1. Glorifying and making light of the atrocities committed by the “explorers” of the Americas is just as bad as glorifying the Nazis and the Holocaust, and not something to be taken lightly.

2. The theme is using a generic stereotype of an Indigenous person (in this case “Navajo”) to represent thousands of tribes and communities throughout the Americas, each with their own unique culture and history. The Indigenous groups who encountered the conquistadors are not remotely the same as Navajos in the southwest, and by lumping them together, the party contributes to continued stereotyping of Native peoples as one monolithic group — consisting of hollywood stereotypes of war paint, feathers, and buckskin.

3. Encouraging party goers to “dress up” as American Indians and Indigenous Peoples puts Native people in the category of a fantasy character — something that no longer exists, or never did. Columbus, Conquistadors, and Pilgrims are all situated in the past, but Native peoples are still here, are still alive, and still Native (and yes, cowboys are still alive, but they are not systematically oppressed and facing continued colonialism). It is also condoning dressing up in racial drag, and I would bet Sigma Chi might get in a little trouble if they hosted a blackface party.

But no one would do that, would they?

Lisa Wade is a professor of sociology at Occidental College and the co-author of Gender: Ideas, Interactions, Institutions. You can follow her on Twitter and Facebook.

Race/Ethnicity and Gender of Late Night TV Guests

Dmitriy T.M. sent in a link to an interesting breakdown of the race/ethnicity and gender of guests on a number of late-night talk shows, found at Edlundart.

Edlund explains the methodology:

The data for this graphic was gathered over 6 weeks in August and September of 2010. Numbers are based on guest lists as presented on Late Night Lineups. Determining race/ethnicity can be a rather dicey and imprecise activity, and it’s also worth noting that the relationship between census and guest numbers is not a pure one – for example, some of the guests I counted as white are British white people who are visiting the United States.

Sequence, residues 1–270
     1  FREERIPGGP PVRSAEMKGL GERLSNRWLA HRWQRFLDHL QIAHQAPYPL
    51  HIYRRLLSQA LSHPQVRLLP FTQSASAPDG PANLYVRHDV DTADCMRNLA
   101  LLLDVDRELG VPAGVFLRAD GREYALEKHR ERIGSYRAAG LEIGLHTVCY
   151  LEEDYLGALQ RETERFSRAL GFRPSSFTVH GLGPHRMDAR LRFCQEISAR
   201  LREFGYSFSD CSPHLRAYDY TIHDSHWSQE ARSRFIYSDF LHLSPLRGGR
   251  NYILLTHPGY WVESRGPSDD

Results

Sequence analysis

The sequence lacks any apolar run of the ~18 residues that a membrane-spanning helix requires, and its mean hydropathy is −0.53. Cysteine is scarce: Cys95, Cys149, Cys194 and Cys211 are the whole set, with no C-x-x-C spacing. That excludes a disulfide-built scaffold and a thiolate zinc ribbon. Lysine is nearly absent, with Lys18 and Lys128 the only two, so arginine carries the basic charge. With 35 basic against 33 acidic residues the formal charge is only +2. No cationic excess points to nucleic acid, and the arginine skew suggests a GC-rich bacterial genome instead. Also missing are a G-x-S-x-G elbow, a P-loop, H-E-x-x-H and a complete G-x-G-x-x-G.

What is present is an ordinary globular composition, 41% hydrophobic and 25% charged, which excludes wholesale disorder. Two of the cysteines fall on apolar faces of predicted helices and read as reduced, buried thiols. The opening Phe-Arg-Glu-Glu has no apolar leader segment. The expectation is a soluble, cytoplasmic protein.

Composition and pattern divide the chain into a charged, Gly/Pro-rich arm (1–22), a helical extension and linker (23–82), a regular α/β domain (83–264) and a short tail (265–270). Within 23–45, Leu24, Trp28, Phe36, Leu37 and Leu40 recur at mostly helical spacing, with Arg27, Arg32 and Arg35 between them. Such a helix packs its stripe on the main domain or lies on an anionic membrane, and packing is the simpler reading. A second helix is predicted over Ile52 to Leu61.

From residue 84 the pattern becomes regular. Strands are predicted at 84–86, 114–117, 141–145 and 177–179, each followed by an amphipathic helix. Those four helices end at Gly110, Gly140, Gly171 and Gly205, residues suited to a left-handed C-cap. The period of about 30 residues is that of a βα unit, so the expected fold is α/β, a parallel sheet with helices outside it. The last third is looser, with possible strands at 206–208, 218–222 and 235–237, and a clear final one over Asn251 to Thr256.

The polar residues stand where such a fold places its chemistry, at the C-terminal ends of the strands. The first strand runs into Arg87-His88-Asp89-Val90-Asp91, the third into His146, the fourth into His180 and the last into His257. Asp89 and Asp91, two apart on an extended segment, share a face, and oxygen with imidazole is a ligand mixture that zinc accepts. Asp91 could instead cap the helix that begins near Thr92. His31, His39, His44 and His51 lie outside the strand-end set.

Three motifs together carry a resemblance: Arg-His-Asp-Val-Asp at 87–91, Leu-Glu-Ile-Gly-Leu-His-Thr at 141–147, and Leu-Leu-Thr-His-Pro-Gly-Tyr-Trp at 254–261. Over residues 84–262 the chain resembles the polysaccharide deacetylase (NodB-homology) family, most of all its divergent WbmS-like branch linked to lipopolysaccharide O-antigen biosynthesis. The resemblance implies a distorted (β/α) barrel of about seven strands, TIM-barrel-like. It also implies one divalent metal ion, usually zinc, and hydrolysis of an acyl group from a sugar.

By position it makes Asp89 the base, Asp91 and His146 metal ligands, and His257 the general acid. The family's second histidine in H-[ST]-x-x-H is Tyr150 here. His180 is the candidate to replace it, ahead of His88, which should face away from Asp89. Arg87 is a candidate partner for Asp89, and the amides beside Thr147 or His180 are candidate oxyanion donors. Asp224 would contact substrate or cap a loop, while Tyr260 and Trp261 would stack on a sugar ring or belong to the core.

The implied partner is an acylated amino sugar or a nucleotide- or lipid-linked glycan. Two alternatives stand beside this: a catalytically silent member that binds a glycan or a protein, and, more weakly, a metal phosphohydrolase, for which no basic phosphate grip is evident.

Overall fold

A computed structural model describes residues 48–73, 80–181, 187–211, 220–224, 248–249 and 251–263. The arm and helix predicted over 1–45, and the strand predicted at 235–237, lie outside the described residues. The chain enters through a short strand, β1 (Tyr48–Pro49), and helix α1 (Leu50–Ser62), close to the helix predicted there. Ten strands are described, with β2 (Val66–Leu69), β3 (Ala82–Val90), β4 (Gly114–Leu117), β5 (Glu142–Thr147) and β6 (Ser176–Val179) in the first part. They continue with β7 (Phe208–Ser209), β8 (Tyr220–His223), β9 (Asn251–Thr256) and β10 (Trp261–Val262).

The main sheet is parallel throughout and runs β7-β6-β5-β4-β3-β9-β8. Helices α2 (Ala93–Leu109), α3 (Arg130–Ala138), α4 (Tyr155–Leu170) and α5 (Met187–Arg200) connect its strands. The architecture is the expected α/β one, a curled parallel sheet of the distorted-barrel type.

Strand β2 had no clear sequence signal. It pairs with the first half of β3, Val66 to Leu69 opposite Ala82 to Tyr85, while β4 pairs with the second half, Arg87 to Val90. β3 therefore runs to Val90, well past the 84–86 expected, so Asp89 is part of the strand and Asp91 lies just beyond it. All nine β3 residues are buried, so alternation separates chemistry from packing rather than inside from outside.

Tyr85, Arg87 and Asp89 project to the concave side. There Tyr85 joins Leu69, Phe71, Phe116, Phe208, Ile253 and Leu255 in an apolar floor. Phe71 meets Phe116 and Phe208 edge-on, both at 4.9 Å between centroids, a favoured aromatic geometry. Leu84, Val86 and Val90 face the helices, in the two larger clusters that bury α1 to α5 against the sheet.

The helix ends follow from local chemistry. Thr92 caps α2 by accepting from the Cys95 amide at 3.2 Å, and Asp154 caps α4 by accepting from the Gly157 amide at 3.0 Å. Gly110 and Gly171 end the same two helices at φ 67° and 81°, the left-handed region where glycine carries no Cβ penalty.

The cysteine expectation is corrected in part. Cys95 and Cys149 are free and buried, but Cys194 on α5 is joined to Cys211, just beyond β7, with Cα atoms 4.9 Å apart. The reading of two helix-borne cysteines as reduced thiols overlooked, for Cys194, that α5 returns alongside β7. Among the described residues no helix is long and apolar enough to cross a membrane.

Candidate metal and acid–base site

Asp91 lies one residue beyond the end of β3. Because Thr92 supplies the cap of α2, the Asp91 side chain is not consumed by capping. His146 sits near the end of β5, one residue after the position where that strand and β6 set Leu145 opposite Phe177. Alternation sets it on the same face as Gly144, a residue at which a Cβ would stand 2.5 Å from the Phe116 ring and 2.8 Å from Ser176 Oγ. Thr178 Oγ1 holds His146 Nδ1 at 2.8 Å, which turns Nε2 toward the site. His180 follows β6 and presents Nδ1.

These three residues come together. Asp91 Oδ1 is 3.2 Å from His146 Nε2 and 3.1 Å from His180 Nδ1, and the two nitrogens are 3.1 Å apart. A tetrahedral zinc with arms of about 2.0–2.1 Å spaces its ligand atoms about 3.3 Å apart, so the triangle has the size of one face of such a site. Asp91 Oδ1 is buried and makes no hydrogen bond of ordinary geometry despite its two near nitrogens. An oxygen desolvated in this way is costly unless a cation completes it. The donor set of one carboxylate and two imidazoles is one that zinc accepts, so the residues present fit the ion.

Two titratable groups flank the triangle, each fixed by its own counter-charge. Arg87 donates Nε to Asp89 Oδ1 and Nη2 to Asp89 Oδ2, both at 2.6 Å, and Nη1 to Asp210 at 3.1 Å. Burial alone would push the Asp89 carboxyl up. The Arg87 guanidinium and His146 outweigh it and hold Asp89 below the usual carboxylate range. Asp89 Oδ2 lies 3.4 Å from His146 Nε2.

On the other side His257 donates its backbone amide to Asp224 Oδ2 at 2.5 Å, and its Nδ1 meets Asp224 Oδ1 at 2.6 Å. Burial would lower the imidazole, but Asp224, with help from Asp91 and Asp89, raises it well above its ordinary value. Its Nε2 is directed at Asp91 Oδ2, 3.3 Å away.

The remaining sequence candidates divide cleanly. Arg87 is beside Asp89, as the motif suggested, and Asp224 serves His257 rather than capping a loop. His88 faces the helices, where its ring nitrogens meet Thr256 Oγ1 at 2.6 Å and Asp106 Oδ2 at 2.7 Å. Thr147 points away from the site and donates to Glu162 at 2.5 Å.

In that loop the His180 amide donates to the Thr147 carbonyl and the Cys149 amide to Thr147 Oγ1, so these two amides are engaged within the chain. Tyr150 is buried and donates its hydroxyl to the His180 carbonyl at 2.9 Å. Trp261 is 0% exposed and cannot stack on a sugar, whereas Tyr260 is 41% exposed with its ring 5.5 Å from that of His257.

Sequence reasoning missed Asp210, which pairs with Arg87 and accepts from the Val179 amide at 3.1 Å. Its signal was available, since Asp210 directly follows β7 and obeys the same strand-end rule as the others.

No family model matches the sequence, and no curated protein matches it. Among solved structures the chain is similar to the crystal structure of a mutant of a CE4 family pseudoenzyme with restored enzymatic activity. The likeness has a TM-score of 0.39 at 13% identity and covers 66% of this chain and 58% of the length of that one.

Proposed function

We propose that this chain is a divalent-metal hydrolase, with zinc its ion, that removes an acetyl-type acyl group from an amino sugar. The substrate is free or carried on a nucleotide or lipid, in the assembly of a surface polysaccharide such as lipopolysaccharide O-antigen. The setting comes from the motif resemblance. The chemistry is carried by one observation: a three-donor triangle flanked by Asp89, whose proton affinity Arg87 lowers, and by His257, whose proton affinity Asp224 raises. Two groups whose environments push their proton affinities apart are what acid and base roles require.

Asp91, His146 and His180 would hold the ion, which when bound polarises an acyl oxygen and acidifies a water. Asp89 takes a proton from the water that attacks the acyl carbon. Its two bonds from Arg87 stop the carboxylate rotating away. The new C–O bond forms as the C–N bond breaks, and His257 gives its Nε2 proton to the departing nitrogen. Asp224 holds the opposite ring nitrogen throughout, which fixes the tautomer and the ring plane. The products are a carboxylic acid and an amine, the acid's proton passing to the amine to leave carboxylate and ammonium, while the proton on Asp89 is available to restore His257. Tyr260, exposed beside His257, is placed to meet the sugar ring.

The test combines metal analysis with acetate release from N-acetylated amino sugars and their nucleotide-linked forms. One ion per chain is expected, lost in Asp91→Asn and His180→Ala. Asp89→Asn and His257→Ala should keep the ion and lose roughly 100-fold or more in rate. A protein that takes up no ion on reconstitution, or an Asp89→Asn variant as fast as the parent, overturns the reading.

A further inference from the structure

Of course, a few guests were neither White, Hispanic, Black, nor Asian. These guests were left out, as their numbers were insignificant on the whole…

Edlund also points out that since The Daily Show only has one guest per night, it has a much smaller dataset than the others, so the lack of diversity may be somewhat overstated due to such a small sample.

Here are the results for race (presented as % of all guests); the small dots show the percent in the Census, the wider bars the percent on the show:

Here is the same data but for the top-billed guests only, where the over-representation of Whites goes up even more for most of the shows:

Here’s equivalent data for women:

And, again, for just top-billed guests:

As Edlund says, these data both reflect and reinforce broader cultural patterns. Given that Whites still dominate the political system, for instance, it’s not surprising that political guests would be disproportionately White; and if more movies have male stars than female stars, guest spots will reflect that as well. But at the same time, these shows include people from a range of industries/careers, and their selection of guests helps raise the profile of some individuals more than others, potentially contributing to more opportunities and star power for them. So they don’t just reflect existing realities; they amplify them.

It would be great to get more info on how an individual is selected when there are multiple possibilities — say, you have a movie with several prominent cast members. In that case, are there patterns related to race/ethnicity and gender in which person is most likely to get booked?